Fifteen years have passed since Deutsche Grammophon released Magdalena Kozena’s first solo album of songs from her native land, the Czech Republic, as it wasn’t called when she was born in 1973. It’s hard to recognise the heavily mascara-ed and lipsticked blonde bombshell pictured on the disc booklet as the Kozena I am meeting on a glorious day in Berlin, near the home she shares with Sir Simon Rattle and their three children (two tweenage boys and a 15-month-old daughter).
Kozena — a constant, if not overfrequent, presence in London since her international breakthrough around 2000 — will be spending a lot of time in the capital during the coming concert season. Only two nights ago, she joined Rattle and the Vienna Philharmonic as the Angel in Elgar’s The Dream of Gerontius at the Proms. I wonder aloud if her apparent ubiquity is connected with Rattle’s gradual move — musically speaking, at any rate — from the Berlin Philharmonic to the London Symphony Orchestra in the run-up to his appointment here from September 2017.
“No, not at all,” she says. “It’s a coincidence. I was asked by the Wigmore Hall to be artist in residence, which is nothing to do with Simon!”
The Wigmore events (the last actually at Wilton’s Music Hall, in the East End) are certainly ambitious. The first of her four programmes, with Mitsuko Uchida at the piano, and performed twice (October 2 and 5), covers a remarkable range of repertoire. The opening recital combines Schumann and Wolf with Dvorak and Schoenberg, whose cabaret songs point to the final concert in the series, at Wilton’s, The Melody Makers, for which she will be joined by a big band in songs by Cole Porter. Rattle is scheduled to make his hall debut in works combining piano and other instruments by Chausson, Ravel, Brahms — the beautiful late songs — and Dvorak (January 29). That’s the plan, anyway.
“Well, yes, he is. Um, if he’s ever going to practise!” She laughs. “I think he will have to, because it’s already in print that he will play.”
Perhaps the most imaginative part of the series is her collaboration with Andrea Marcon’s Italian group, La Cetra, with whom she will perform works by the baroque master Monteverdi and the modernist Luciano Berio (March 8). She relishes the prospect of such diversity. “Absolutely. These days, it’s quite rare in classical music to have an opportunity to do a project like this. I said, we don’t want to do conventional concerts, we want to do something special and crazy, so that’s why I ended up with Cole Porter and a semi-staged Monteverdi-Berio programme.”
The inspiration for the latter seems to be the cult American mezzo Cathy Berberian, Berio’s sometime wife and muse, for whom he wrote vocal works of staggering technical difficulty, including Sequenza III, which Kozena will sing. Berberian was also an eloquent Monteverdian, appearing on Nikolaus Harnoncourt’s trailblazing recordings of The Coronation of Poppea and Orfeo. Kozena clearly sees herself as a kindred spirit, spanning the beginnings of Italian solo vocal music to the avant-garde.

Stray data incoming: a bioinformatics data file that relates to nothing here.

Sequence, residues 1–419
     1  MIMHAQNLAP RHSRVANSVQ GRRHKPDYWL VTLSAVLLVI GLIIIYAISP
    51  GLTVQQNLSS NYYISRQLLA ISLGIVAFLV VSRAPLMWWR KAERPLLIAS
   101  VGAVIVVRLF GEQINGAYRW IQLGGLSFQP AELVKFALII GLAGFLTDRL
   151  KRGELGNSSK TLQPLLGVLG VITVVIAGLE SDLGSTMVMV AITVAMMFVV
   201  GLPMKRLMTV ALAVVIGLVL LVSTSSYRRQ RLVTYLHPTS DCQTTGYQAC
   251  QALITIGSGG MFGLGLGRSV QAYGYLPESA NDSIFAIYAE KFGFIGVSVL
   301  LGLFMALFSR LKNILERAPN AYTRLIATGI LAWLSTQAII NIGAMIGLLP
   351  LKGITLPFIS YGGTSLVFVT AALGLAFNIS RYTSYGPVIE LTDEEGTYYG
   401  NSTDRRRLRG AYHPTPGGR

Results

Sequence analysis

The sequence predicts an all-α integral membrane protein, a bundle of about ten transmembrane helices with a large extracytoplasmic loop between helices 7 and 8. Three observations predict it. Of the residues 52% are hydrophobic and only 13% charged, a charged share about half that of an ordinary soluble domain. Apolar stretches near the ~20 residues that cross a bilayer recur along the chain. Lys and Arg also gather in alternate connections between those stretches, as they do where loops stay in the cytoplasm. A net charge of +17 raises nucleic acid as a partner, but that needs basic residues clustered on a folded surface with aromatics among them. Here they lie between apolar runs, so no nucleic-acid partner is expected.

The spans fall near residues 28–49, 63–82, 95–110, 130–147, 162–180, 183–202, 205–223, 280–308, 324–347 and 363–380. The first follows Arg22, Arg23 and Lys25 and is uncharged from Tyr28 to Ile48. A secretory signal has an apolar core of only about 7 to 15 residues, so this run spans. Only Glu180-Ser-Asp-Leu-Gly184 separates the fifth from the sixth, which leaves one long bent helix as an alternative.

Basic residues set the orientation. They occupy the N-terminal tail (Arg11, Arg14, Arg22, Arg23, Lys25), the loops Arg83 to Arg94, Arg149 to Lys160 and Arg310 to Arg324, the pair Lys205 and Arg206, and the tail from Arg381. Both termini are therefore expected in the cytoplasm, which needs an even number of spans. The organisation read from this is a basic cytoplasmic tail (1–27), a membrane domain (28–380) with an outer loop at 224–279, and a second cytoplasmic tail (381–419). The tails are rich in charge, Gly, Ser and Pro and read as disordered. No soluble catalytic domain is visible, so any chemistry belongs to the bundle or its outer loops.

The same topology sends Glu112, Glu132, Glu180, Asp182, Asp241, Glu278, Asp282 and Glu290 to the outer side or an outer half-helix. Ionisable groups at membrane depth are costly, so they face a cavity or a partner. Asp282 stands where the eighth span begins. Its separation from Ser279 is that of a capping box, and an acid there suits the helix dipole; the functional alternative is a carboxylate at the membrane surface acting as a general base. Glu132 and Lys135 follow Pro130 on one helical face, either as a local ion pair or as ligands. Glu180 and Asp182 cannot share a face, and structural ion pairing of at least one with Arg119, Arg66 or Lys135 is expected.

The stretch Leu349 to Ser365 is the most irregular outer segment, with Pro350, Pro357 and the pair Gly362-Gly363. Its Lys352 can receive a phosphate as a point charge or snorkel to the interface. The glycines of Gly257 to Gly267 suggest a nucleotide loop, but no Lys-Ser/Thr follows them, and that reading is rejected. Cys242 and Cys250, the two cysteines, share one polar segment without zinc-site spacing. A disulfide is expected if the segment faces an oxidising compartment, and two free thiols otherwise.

“Some singers like to concentrate on one period or repeat a handful of roles, but it would not be for me. I like to mix things up and bring my experience of the baroque to modern music, for example.”
When DG first released her Czech songs album, she had already recorded a (self-financed) disc of Bach arias with a period-instrument ensemble, eventually issued on its specialist Archiv label. So the desire to cover a wide range of repertoire was there from the start. “The truth is that I began as a baroque singer, which was unintentional, really. I became involved with the period-instrument scene, which was quite small at that time in my country, certainly compared with England and Germany. We were experimenting and discovering things for ourselves that Harnoncourt and Gardiner had discovered 20 years before, but because of the Iron Curtain, we couldn’t get their CDs and didn’t know what was going on. It was a fascinating time to explore without influences.”
Kozena has since broadened her horizons, but baroque music lies at the root of her artistic outlook. “It’s a good beginning for every singer. Not only vocally — it’s healthy for the voice, not too heavy, the coloratura is good for keeping your voice in shape — but you also learn things like improvising, ornamenting, the things that are creative, the way you treat language. In Monteverdi, for example, you learn the best way to sing Italian, in his famous recitar cantando [sung recitation].”
Kozena’s solo performance of Monteverdi’s Il combattimento di Tancredi e Clorinda is a big vocal challenge, and a theatrical one as well. This dramatic “madrigal” for three singers (narrator and title roles) can be convincingly done by one performer.
“I know I’m not the first, and I would never have suggested it myself — it was the idea of Andrea Marcon. I’ve already sung it solo in concert, but I think it’s hard to understand that there are three different persons, so the staging will help. We’ve started rehearsals with a Czech director I’ve known for many years. He’s a famous actor in my country and has a jazz band, so they will be playing Cole Porter for me. He might even sing a few pieces in that programme, because that is his main job.”
Next year, she teams up with Rattle for semi-staged (by Peter Sellars) performances of Debussy’s Pelléas et Mélisande in Berlin and London. Although the Wigmore project will tour Europe, Kozena, with a toddler at home, tries to restrict herself to two productions a year: “One of them preferably here in Berlin. When I’m away, I suffer more than the children do, especially the boys with their parties, who say, ‘When are you leaving?’”
© Hugh Canning